Physics
http://hdl.handle.net/1903/2269
2020-02-26T23:04:55ZQUANTUM ALGORITHMS FOR DIFFERENTIAL EQUATIONS
http://hdl.handle.net/1903/25502
QUANTUM ALGORITHMS FOR DIFFERENTIAL EQUATIONS
Ostrander, Aaron Jacob
This thesis describes quantum algorithms for Hamiltonian simulation, ordinary differential equations (ODEs), and partial differential equations (PDEs).
Product formulas are used to simulate Hamiltonians which can be expressed as a sum of terms which can each be simulated individually. By simulating each of these terms in sequence, the net effect approximately simulates the total Hamiltonian.
We find that the error of product formulas can be improved by randomizing over the order in which the Hamiltonian terms are simulated. We prove that this approach is asymptotically better than ordinary product formulas and present numerical comparisons for small numbers of qubits.
The ODE algorithm applies to the initial value problem for time-independent first order linear ODEs. We approximate the propagator of the ODE by a truncated Taylor series, and we encode the initial value problem in a large linear system. We solve this linear system with a quantum linear system algorithm (QLSA) whose output we perform a post-selective measurement on. The resulting state encodes the solution to the initial value problem. We prove that our algorithm is asymptotically optimal with respect to several system parameters.
The PDE algorithms apply the finite difference method (FDM) to Poisson's equation, the wave equation, and the Klein-Gordon equation. We use high order FDM approximations of the Laplacian operator to develop linear systems for Poisson's equation in cubic volumes under periodic, Neumann, and Dirichlet boundary conditions. Using QLSAs, we output states encoding solutions to Poisson's equation. We prove that our algorithm is exponentially faster with respect to the spatial dimension than analogous classical algorithms.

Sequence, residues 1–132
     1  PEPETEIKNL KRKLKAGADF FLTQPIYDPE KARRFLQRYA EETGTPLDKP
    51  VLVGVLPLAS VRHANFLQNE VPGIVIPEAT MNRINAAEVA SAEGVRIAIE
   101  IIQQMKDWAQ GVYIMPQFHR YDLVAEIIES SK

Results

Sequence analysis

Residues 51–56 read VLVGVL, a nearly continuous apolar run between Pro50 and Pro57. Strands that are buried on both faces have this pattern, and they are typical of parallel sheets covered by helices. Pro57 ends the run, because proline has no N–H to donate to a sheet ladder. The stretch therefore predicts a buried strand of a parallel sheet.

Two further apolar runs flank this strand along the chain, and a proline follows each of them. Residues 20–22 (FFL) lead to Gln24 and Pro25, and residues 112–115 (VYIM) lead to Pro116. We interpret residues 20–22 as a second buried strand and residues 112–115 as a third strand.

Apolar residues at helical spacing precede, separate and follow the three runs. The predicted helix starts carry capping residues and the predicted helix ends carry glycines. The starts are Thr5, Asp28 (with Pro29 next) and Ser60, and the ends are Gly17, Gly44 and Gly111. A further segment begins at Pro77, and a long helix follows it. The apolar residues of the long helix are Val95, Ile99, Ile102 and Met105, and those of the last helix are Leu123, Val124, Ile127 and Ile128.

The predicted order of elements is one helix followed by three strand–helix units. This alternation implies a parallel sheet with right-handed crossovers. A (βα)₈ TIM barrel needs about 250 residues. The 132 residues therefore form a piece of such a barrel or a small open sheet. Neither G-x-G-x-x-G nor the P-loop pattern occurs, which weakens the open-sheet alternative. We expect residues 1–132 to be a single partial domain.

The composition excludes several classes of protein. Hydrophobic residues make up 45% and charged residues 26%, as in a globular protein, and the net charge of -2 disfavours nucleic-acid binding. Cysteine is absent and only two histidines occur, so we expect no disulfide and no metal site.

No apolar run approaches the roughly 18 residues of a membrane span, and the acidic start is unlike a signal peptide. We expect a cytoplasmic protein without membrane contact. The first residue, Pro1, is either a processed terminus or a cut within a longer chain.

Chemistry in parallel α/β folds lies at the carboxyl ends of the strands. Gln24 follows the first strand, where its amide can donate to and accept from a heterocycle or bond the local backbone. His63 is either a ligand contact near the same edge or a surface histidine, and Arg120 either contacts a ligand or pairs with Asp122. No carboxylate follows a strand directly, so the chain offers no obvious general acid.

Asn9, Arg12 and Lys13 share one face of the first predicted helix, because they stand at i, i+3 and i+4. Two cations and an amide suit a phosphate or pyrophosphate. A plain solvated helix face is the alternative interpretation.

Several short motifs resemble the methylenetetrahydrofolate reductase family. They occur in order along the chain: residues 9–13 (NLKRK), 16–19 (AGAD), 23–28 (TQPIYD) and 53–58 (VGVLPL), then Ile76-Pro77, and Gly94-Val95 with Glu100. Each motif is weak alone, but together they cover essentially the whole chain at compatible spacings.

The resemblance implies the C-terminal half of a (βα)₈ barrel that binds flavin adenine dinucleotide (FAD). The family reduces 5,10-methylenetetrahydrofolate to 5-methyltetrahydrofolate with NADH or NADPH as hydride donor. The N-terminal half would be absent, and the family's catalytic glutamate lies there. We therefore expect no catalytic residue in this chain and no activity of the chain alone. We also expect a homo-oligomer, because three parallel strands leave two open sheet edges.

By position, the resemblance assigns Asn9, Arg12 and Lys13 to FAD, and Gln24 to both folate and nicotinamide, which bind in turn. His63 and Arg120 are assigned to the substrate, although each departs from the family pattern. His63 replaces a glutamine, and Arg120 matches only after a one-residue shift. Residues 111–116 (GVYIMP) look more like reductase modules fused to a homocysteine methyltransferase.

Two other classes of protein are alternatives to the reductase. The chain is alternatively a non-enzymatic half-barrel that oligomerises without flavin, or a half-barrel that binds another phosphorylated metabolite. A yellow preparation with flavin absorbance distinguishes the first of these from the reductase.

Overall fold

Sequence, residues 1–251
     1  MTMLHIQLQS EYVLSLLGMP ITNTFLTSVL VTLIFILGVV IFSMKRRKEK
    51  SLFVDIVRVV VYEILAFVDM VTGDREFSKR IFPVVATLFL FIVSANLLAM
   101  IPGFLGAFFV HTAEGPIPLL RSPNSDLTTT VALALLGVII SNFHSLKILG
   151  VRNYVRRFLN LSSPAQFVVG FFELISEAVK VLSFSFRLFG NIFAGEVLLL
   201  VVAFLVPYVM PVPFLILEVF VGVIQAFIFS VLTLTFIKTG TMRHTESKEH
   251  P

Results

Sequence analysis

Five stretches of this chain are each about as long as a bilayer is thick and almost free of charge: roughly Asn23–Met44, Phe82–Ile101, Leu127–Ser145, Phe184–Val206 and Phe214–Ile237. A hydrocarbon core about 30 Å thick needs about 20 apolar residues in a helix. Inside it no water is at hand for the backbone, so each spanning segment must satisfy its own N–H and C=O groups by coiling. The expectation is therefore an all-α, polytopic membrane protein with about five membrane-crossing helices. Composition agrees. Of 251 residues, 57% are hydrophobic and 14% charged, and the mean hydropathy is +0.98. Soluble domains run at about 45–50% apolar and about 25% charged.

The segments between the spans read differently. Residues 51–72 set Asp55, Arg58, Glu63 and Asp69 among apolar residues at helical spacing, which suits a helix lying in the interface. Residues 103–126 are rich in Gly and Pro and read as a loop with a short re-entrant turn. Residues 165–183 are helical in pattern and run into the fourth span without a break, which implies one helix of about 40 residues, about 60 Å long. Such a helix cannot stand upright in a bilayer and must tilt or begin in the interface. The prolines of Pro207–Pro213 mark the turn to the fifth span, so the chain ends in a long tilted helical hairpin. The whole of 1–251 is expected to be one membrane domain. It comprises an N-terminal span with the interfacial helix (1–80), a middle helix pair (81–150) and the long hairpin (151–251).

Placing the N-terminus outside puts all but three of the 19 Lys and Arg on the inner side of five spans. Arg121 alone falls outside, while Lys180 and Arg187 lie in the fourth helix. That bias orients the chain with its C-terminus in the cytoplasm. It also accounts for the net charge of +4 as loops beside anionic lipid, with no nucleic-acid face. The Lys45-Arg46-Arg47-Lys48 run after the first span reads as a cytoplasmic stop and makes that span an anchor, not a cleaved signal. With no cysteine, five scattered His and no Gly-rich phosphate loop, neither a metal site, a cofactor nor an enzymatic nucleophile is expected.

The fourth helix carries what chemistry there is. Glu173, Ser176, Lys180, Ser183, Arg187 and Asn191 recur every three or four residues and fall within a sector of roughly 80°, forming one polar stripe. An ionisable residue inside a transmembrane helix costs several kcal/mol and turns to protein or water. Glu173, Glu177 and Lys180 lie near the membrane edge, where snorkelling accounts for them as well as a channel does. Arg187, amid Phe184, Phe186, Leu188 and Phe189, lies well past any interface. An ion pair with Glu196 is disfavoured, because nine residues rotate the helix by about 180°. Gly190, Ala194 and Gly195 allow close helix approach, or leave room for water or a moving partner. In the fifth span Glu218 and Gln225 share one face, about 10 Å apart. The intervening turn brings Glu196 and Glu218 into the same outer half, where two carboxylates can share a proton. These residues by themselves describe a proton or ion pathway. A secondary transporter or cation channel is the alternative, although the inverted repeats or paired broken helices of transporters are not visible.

We also consider how high order Laplacian approximations can be used for simulating the wave and Klein-Gordon equations. We consider under what conditions it suffices to use Hamiltonian simulation for time evolution, and we propose an algorithm for these cases that uses QLSAs for state preparation and post-processing.
2019-01-01T00:00:00ZMachine Learning Approaches for Data-Driven Analysis and Forecasting of High-Dimensional Chaotic Dynamical Systems
http://hdl.handle.net/1903/25469
Machine Learning Approaches for Data-Driven Analysis and Forecasting of High-Dimensional Chaotic Dynamical Systems
Pathak, Jaideep
We consider problems in the forecasting of large, complex, spatiotemporal chaotic systems and the possibility that machine learning might be a useful tool for significant improvement of such forecasts. Focusing on weather forecasting as perhaps the most important example of such systems, we note that physics-based weather models have substantial error due to various factors including imperfect modeling of subgrid-scale dynamics and incomplete knowledge of physical processes. In this thesis, we ask if machine learning can potentially correct for such knowledge deficits.